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Michigan Governor declares Flint water safe, ends free bottled water service

April 9, 2018 by  
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Michigan Governor Rick Snyder has announced that Flint water is once again safe to drink, and the state will soon cease the free bottled water service it has provided to Flint residents in the wake of the city’s drinking water crisis. “The scientific data now proves the water system is stable and the need for bottled water has ended,” the office of the Republican governor said in a statement. “Since Flint’s water is now well within the standards set by the federal government, we will now focus even more of our efforts on continuing with the health, education and economic development assistance needed to help move Flint forward.” Residents and local representatives are reportedly hesitant to trust assurances from the same administration that was responsible for the water crisis in the first place. Even though officials declared Flint water  safe based on scientific assessments, the multi-faceted damage caused by the water crisis will be hard to repair. “Governor Snyder has failed to address the psychological trauma that his administration put the people of Flint through,” said Michigan State Representative Sheldon Neeley, who represents much of the majority-black city of 100,000. “The fact is, the people of Flint don’t trust the Snyder administration or the science they pay for — science that previously allowed our city to be poisoned.” Related: 11-year old inventor becomes “America’s Top Young Scientist” for creating lead-detecting sensor Although the city switched from Flint River water to Lake Huron water — the original source of clean water for the city — in 2015, the community remains wary. “I don’t trust the water. Period,” Flint resident Debra Coleman told WJRT local news . “It could be five years from now and I’ll still never drink this water.” While trust remains an issue, some of those responsible for the crisis are now being held accountable. In 2017, six current and former state and local officials were charged for actions that contributed to the crisis. Via Ecowatch and Reuters Images via Depositphotos   (1)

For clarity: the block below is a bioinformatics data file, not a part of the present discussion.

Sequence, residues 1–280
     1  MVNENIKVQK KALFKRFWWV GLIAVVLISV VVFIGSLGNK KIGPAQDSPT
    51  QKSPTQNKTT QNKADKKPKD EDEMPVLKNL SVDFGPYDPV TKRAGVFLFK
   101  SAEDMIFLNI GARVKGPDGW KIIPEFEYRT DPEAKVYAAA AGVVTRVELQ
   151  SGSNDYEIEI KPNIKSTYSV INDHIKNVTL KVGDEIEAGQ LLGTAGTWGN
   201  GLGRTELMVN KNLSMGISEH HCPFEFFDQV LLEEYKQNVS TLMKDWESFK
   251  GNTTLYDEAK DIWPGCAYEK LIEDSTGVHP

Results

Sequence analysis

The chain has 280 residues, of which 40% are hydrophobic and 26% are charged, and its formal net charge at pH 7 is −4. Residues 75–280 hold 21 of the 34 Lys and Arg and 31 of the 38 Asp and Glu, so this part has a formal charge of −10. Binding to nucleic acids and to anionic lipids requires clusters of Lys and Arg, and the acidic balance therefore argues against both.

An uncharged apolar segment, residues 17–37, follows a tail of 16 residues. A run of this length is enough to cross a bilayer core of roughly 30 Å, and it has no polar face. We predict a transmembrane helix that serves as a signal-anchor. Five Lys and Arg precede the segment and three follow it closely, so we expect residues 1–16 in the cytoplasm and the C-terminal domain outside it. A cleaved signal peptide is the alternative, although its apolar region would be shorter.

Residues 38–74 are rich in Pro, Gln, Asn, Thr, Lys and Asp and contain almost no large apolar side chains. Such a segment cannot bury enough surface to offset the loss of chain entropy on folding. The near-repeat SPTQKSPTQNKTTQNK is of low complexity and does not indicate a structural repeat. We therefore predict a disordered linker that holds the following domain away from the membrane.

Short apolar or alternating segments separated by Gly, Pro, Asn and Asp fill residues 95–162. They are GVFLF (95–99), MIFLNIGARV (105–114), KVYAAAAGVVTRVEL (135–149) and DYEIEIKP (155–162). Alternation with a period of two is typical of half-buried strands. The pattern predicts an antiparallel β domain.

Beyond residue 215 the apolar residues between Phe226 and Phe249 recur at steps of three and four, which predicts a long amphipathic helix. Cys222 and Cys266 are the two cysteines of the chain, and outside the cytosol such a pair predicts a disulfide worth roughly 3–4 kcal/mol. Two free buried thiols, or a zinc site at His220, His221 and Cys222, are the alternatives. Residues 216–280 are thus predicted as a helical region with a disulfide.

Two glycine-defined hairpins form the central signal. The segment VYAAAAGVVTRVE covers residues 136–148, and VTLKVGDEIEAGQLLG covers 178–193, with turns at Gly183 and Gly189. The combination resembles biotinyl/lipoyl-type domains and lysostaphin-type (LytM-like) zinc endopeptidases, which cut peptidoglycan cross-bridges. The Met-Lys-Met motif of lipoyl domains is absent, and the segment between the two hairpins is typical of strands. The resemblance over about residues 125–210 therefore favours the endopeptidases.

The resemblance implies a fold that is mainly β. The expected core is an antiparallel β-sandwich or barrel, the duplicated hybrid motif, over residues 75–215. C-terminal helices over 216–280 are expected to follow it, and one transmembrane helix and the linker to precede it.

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Urban Rivers designs a multiplayer Trashbot Game to clean the Chicago River

March 15, 2018 by  
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The non-profit organization Urban Rivers is currently fundraising to deploy a remote-controlled, trash-cleaning robot on the Chicago River. Urban Rivers already has a prototype out in the water and hopes to expand this into a full-fledged, multiplayer internet game. The organization’s “Trashbot Game” would allow players to control the robot from afar using simple keyboard directions to gather trash throughout the river. “We really hope that one day, this game is just so boring, because there’s no more trash left to clean,” said Urban Rivers co-founder Nick Wesley in the project’s Kickstarter video . Prior to its Trashbot initiative, Urban Rivers established a floating garden in Chicago, which was maintained by staff on kayaks . The workers began to notice that trash continuously drifted into the garden and eventually became too burdensome for manual clean-up. “Trash appeared at random times in large quantities. Sometimes we would remove all the trash and two hours there was more,” writes Urban Rivers . The garbage also affected local wildlife that depend upon the river and its floating garden. To solve this problem, Urban Rivers created Trashbot. Once fully developed, users will be able to log on from anywhere in the world to control the robot as it collects trash, which will later be removed by staff. Related: Baltimore’s floating trash-eaters have intercepted 1 million pounds of debris In the envisioned Trashbot game, users will be able to see through the “eyes” of Trashbot and gain points for collecting more trash . If Urban Rivers reaches its $5,000 goal, a second version of Trashbot will be developed while a high-powered WiFi hotspot and a home base trash station will be installed on-site. GPS tracking and a theft-prevention tether on Trashbot will also be funded. Via The Verge Images via Urban Rivers

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Speed breeding technique inspired by NASA grows three times the wheat with less land

January 3, 2018 by